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A Pinch of Magic – The Park ‘Thali’ Festival – Femina

by Pritya Books on March 29, 2006

Traditional Andhra vegetarian recipes from “Cooking at home with Pedatha” were showcased at The Park, Chennai in a unique Andhra food festival. Femina calls it ‘a pinch of magic’ in its coverage.

Femina covers the magic of traditional Indian Food Festival

HERE IS A TRANSCRIPT OF THE ARTICLE:

Cooking at Home with Pedatha is a far cry from other cookbooks, discovers Neeti Jaychander in a chat with the authors Jigyasa Giri and Pratibha Jain.

The restaurants at Chennai’s The park hotel are abuzz with activity as they gear up for the Andhra vegetarian ‘thali’ dinner festival. But what’s unusual about this festival is that it is inspired by recipes from Pedatha, the 85 year old daughter of former Indian president V.V.Giri. Through their book ‘Cooking at home with Pedatha’, friends Jigyasa Giri and Pratibha Jain have recorded a host of these recipes for posterity.

AN UNIQUE EFFORT

Ask them how the book came about and Jigyasa says “Both of us love interacting with the older generation, and Pedatha is one in a million. She happens to be my husband Giri’s aunt. Through our interaction with her, we discovered that she had a wealth of recipes and culinary knowledge. Of course, I already knew that when I married into the family fourteen years ago, but I have been in Chennai all this while and she is based in Bangalore. So we’ve had no real chance to interact. However, once we got started sharing recipes, one thing led to another and Pratibha and I started trying out these recipes at home.”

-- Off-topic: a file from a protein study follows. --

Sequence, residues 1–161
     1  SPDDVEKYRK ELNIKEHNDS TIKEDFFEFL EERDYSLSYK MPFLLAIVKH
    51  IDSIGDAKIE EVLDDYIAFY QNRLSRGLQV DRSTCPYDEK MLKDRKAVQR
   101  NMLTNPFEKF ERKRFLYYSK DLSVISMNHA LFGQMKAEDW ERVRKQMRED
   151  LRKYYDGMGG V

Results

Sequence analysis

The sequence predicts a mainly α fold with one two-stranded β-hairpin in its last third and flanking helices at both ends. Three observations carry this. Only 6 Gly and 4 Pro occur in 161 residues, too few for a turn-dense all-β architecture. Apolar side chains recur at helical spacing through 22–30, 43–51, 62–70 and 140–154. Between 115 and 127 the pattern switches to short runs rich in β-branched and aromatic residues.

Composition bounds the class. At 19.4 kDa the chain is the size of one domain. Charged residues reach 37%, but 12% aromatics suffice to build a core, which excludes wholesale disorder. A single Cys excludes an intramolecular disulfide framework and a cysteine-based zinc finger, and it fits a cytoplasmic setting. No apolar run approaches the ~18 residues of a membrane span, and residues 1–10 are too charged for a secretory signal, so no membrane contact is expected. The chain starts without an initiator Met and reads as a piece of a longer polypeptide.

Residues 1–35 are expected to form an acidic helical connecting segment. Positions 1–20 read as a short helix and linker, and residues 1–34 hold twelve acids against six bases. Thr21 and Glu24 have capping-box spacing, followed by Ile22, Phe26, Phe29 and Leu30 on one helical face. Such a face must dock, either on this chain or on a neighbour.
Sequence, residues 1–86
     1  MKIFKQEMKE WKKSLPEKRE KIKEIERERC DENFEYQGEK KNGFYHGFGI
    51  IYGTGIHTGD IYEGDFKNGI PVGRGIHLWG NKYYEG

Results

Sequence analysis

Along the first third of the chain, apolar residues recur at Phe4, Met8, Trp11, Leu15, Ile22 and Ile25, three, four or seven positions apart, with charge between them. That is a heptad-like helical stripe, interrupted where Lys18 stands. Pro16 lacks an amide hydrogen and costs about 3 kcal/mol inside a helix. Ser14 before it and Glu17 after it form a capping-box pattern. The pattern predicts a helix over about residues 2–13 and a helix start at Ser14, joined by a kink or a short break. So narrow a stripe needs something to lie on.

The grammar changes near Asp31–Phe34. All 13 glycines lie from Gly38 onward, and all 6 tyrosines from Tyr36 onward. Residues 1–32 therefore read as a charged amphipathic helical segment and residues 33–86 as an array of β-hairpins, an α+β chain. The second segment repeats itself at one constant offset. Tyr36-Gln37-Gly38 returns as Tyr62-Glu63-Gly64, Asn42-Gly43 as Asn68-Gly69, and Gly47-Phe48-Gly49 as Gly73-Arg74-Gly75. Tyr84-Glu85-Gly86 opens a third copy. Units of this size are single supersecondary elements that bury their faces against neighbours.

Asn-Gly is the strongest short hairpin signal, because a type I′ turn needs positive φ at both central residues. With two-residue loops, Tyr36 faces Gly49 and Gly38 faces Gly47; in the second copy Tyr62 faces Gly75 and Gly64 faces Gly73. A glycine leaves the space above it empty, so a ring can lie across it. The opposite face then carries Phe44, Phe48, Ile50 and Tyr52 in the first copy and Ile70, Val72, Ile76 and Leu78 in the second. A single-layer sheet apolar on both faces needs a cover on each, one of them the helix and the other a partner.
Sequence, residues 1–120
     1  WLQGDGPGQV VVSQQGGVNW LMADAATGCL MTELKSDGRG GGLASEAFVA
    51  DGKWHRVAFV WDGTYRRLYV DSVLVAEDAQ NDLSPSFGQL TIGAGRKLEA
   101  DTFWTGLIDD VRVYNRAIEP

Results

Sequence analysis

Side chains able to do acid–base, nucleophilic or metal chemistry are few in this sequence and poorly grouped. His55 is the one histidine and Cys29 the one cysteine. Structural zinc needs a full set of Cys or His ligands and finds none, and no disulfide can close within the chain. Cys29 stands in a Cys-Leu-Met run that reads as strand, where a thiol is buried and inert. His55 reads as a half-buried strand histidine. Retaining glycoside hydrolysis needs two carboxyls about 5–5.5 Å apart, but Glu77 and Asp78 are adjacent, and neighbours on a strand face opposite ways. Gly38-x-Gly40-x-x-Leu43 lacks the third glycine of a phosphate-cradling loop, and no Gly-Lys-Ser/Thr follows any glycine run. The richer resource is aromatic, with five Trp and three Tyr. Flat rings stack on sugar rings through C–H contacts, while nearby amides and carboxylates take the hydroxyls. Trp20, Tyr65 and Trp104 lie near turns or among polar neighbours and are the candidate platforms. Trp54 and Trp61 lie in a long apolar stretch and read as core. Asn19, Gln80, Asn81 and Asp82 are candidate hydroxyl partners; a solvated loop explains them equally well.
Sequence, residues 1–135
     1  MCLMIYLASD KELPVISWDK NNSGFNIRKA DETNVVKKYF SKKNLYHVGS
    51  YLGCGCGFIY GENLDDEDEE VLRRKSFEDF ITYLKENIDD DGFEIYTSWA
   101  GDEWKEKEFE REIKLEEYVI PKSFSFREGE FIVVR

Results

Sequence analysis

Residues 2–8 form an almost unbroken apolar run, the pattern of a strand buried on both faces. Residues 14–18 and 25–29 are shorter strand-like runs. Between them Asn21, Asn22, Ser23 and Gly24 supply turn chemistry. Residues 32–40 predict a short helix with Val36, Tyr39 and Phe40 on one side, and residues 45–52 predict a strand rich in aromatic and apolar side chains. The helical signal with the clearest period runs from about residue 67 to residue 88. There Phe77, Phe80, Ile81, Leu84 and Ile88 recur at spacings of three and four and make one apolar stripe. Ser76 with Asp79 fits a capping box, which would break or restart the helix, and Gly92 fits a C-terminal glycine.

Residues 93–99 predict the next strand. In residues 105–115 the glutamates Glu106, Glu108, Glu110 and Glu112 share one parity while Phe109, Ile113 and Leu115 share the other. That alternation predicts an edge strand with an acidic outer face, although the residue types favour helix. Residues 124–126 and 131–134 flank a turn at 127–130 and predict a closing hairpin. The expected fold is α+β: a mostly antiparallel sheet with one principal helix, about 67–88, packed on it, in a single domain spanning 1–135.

Adds Pratibha, “Our husbands were delighted when we prepared the first dish, I remember it was ‘thota koora koora’, which is basically ‘dal palak’, made in every part of the country. However, Pedatha’s recipes has that extra touch, that extra something that makes it outstanding and absolutely exotic!”

A LEARNING EXPERIENCE

Says Jigyasa, “The book just happened when we realised we had enough material to embark on such a venture. Pratibha has edited two cookbooks and translated one, so that helped with the recipe writing and detailing. We decided to go ahead and publish the book ourselves for several reasons. One is that we were complete novices; there were no names backing us to woo publishers. Secondly, we were interested in an all-colour product, whereas most publishing houses wanted it to be partly black and white so as to price it lower. We wanted to provide a picture of every dish, for which coloured illustrations were necessary.”

Pratibha adds, “Thirdly Pedatha is 85, and while we hope she’ll live for decades more, we wanted her to be around and enjoy the book as much as possible. Compiling the book took us two years, because we could only collect three-four recipes at a time, as Pedatha would tire easily.

“We’ve primarily tried to bring out a coffee table book as a tribute to another generation and have released the book in Mumbai, Bangalore and Chennai. The response has been wonderful, especially considering we’re all unknown names.”

Most cooks are possessive of their little secrets, but not Pedatha! Says Jigyasa, “She just gave away everything so willingly and never felt the need to hold back.”

(As featured in Femina, March 29, 2006)

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